Sights from the 99th Annual Flower Market held May 9th -11th at Rockford Park in WIlmington, DE

 

Every year Wilmington’s local radio stations 93.7 WSTW and WDEL 101.7 FM bring the element of entertainment to the festival, and this year they didn’t disappoint providing live performances from popular artists like country-pop singer Andy Grammer, as well a few up-and-coming Delaware-grown musicians. Guests appeared to be having a great time, as parents indulged in shopping and beer-tastings, while children gladly waited in line for carnival rides and henna tattoos. Food vendors such as Mick’s Gourmet Soup, seemed to be a huge hit with the locals. The aroma of warm crab soup, clam chowder, and lobster bisque attracted a slew of customers all hoping to get a taste of the Maryland restaurant’s noteworthy seafood. “Delaware and Maryland share a similar history, so we figured it’d be nice to bring a taste of the DMV up to Delaware for everyone to enjoy” said Lauren Pinder, a Mick’s distributor. “People like us come every year from near and far just to celebrate for such a great cause,” continued her partner Dale Pinter.

Sights from the 99th Annual Flower Market held May 9th -11th at Rockford Park in WIlmington, DE

 

Even with so much activity surrounding the Flower Market, a stone tower in the distance acted as the festivals true centerpiece. The historic stone water tower is situated between wooded areas and green hills perfect for hikes and picnics. “We’re standing in front of Rockford Tower, which was built in 1900, a time when the city was rapidly expanding,” said Melissa Russell-Payne, the President of Friends of Wilmington Parks. “We support the five Delaware state parks in the city of Wilmington and the 68-acre Rockford Park is one of them. This 75-foot tower is the highest point in Wilmington and serves two purposes; the first is as a water tower, which to this day works and actively provides fresh water to all of Wilmington, and the second is as an observation deck that overlooks the entire city,” Russell-Payne added.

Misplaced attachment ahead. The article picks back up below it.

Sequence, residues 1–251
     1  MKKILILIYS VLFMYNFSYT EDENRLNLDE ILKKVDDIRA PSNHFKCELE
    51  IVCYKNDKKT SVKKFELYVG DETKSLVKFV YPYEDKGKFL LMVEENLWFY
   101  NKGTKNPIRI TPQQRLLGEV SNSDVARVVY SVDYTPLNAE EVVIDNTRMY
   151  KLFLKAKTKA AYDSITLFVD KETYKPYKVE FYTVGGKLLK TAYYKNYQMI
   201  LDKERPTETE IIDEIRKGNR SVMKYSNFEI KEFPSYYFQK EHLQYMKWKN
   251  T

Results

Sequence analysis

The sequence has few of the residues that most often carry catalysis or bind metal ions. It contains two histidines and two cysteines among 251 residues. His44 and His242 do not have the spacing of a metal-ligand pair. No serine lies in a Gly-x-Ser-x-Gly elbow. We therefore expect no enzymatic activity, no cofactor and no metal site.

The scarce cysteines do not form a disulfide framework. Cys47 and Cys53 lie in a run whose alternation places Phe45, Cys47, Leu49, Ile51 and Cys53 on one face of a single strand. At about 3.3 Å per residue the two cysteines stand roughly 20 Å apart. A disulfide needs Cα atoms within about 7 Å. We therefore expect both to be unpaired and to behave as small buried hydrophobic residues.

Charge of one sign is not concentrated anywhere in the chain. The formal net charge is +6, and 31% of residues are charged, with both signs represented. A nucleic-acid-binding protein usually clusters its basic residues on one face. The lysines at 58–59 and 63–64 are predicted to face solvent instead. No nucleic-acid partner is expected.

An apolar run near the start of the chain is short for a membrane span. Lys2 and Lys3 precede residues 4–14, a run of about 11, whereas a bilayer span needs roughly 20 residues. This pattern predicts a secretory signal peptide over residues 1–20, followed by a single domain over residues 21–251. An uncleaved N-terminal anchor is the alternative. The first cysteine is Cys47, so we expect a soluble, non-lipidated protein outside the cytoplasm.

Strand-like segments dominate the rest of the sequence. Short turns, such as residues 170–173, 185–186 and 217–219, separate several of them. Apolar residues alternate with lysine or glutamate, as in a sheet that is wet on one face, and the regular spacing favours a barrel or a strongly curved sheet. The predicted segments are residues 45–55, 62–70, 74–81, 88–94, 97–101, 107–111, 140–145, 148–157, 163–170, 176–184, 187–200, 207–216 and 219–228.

Starting in mid-June, and stretching throughout August, Rockford Park hosts free concerts on it’s grounds every Monday. They even open the tower for tours during major community events like the Wilmington Flower Market, that’s held here annually and always runs over the course of three days in conjunction with Mother’s Day weekend.

Sights from the 99th Annual Flower Market held May 9th -11th at Rockford Park in WIlmington, DE

 

“Wilmington is such a special area. With Delaware being the first state, this is one of the oldest parts of the United States and people have a lot of pride in its history,” Russell-Payne continued.  “Our parks are exceptional, and the people of Delaware recognize that, so there’s a lot of support with making sure that the community feels very much in tune and apart of the park. We want the public to appreciate its historic monuments, and feel welcome to use them instead of just looking at them from a distance,” she said. As the 7pm approached, and the third and final day of the Market came to an end, Russell-Payne left us with these parting words; “We love being able to offer gems to the residents of Wilmington, and its successful events like the Flower Market that remind us that we’re doing right by our community!”